T&P valve drain plumbed up!

Discussion in 'Plumbing Forum, Professional & DIY Advice, Tips & ' started by Verdeboy, Nov 16, 2006.

  1. Verdeboy

    Verdeboy In the Trades

    Messages:
    2,051
    That last hot water tank thread reminded me of a question:

    In my new apartment, my gas HW tank has it's T&P valve drain plumbed straight up to the roof, instead of down to a floor drain. I'm sure this must not be to code, but is it at all dangerous? Notice the nice looking hole in the ceiling where my HW tank vent is.

    Also, I thought I'd show you all my vintage 1970 style mustard color appliances. The frig is especially functional, with its tiny freezer compartment that requires manual defrosting every 3 weeks. Who says G.E. doesn't make products that stand the test of time! :D :(

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    Last edited: Nov 16, 2006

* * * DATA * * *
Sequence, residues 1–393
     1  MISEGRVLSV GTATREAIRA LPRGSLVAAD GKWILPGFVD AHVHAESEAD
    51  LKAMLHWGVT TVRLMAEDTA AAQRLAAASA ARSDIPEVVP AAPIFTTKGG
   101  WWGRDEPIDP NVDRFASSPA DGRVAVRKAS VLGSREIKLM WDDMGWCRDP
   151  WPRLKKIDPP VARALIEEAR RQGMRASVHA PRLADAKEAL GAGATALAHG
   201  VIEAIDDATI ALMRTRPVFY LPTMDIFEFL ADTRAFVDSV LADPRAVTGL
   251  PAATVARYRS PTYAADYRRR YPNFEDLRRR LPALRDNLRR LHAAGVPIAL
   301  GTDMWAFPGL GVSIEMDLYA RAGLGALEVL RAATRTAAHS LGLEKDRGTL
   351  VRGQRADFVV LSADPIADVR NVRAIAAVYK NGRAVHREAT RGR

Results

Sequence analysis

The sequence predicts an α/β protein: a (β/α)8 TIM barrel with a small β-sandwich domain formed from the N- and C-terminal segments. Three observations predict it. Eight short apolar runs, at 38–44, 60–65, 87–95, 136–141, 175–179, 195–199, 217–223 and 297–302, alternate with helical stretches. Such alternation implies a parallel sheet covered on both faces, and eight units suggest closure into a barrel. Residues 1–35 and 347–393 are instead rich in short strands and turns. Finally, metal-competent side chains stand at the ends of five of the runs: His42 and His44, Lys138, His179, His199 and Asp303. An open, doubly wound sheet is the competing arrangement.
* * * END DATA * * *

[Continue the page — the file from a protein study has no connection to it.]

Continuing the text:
2. Gary Swart

    Gary Swart In the Trades

    Messages:
    7,308
    Location:
    Yakima WA
    There was a thread dealing with this just yesterday. You should go down and read what was said, but in brief, the TP always is supposed to go down. I supposed the way yours is plumbed is better than putting a solid plug in the tank, but is sure isn't by any code I can imagine.:eek:
  3. hj

    hj Moderator & Master Plumber Staff Member

    Messages:
    26,279
    Location:
    Cave Creek, Arizona
    T&p

    It is illegal for the discharge to go in any direction other than continuously downhill to the discharge point. This is for at least two reasons.
    1. The first time it discharges the pipe will fill with water. The exposed spring in the valve is steel and since the water will stay in the pipe the spring will rust and will eventually seal the valve closed so it cannot open and discharge if needed. At that point your water heater becomes three sticks of dynamite waiting for someone to light the fuse.
    2. If you are in a cold climate, the water in the pipe could freeze causing the same situation as if the spring was completely rusted, with the same results.